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  • José H. Leal

The Striate Glass-hair Chiton

Chitons belong to a class of mollusks called the Polyplacophora (Greek for “bearers of many plates”). Their bodies are covered by eight (rarely seven) shelly plates, also known as valves. The valves are interlocked and surrounded by a leathery girdle. The Striate Glass-hair Chiton, Acanthochitona pygmaea (Pilsbry, 1893), is one of two species of chitons found in shallow-water along the coast of SW Florida. The Striate Glass-hair Chiton may reach a little more than 0.5 inch in size and its valves are partially covered by a very broad girdle. The valves color can vary, ranging from green to orange, red, burgundy, brown, and others.



The girdle has two rows of tufts of glass-like bristles, each tuft resembling a minute bottle brush. The color is very variable: valves may be green, red, orange, or with many combinations of these colors. Do not confuse this species with its more common local relative, the similar-sized Eastern Beaded Chiton, Chaetopleura apiculata, which has a very narrow girdle that covers the shell valves only minimally. The chiton illustrated above was found on Bunche Beach (Fort Myers), crawling on a Sunray Venus shell.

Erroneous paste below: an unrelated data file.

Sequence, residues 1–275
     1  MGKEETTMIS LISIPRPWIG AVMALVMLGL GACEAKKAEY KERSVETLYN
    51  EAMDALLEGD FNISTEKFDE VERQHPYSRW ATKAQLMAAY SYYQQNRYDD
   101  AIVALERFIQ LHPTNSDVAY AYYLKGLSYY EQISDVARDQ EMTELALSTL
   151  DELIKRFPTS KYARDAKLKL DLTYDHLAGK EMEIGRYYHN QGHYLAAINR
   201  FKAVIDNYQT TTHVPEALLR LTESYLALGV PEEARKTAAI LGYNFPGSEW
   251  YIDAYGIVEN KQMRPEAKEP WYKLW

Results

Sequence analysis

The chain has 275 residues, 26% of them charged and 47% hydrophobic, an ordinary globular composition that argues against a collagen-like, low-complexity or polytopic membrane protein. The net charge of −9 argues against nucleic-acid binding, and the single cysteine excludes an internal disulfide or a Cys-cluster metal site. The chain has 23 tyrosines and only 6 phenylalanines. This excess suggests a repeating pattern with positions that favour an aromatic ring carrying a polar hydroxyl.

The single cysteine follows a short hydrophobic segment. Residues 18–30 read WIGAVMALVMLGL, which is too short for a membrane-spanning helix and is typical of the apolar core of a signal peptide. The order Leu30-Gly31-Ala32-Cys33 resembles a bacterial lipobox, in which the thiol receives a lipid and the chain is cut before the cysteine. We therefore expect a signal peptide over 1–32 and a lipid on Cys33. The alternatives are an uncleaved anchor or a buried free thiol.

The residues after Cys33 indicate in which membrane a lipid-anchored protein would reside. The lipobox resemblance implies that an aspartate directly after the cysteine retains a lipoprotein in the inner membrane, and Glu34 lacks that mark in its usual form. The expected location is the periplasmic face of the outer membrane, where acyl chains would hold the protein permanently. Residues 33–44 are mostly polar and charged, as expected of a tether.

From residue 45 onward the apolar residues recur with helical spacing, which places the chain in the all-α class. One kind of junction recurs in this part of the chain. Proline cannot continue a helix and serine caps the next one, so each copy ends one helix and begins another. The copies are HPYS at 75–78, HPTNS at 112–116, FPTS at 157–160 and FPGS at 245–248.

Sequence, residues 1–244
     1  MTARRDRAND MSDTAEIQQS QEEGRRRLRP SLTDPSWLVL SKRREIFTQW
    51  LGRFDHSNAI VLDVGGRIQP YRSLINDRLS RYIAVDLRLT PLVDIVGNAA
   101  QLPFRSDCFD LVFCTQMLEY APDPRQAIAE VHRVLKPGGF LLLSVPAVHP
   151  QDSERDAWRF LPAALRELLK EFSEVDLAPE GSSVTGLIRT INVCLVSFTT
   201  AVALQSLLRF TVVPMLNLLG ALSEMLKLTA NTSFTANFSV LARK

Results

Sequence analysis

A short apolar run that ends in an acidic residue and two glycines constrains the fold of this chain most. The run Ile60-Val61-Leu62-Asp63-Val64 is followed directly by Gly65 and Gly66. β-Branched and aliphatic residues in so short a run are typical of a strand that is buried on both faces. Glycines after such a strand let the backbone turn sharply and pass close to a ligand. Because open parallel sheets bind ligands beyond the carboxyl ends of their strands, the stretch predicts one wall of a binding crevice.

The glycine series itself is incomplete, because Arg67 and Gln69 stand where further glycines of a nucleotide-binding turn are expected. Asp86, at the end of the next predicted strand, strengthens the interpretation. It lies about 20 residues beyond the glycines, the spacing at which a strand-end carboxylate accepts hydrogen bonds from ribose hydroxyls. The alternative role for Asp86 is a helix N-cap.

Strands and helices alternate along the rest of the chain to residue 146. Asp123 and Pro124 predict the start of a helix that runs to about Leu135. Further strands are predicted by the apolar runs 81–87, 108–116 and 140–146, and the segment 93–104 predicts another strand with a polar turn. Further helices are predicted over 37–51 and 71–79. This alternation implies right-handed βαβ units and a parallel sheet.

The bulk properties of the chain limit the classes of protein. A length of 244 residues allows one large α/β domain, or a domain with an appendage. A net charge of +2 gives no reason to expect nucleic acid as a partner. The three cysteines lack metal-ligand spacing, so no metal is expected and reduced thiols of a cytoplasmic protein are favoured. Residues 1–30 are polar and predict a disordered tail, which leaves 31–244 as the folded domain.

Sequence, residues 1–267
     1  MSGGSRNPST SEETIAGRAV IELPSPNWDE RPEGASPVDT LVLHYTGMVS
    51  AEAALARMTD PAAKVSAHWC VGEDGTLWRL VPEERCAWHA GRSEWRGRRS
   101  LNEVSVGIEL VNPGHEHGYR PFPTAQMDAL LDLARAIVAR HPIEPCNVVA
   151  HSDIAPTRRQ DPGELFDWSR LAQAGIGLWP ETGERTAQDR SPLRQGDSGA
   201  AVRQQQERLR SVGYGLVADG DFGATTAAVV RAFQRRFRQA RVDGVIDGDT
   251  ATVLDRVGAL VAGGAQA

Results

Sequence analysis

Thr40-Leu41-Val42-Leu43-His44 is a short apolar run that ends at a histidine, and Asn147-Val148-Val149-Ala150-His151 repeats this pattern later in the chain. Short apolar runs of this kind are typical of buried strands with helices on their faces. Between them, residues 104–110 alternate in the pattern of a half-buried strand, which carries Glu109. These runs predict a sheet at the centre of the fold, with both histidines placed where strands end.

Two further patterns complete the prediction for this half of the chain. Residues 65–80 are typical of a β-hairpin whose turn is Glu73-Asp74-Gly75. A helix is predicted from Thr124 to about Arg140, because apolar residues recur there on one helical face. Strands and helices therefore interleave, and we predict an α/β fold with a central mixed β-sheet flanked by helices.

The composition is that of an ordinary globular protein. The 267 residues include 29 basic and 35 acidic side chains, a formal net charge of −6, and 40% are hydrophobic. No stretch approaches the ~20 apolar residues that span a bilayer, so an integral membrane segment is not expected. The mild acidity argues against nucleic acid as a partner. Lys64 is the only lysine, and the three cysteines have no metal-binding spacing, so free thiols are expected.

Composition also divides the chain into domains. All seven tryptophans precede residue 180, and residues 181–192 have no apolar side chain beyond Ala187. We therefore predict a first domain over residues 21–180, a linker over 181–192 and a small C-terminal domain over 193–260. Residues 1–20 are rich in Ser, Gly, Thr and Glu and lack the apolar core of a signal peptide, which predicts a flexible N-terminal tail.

The 12 mm-long (about 0.5 inch) Striate Glass-hair Chiton with greenish valves in the photo above was first observed by Lorin Buckner, who found it inside an empty clam shell near the Sanibel Causeway (SW Florida). I took some photos, and after downloading the images from my camera to the computer, I discovered that there were small fecal pellets ( red arrow) near the chiton's posterior end (left end of the image). Fecal pellets are agglutinated meal leftovers that can yield valuable information about animal diets.


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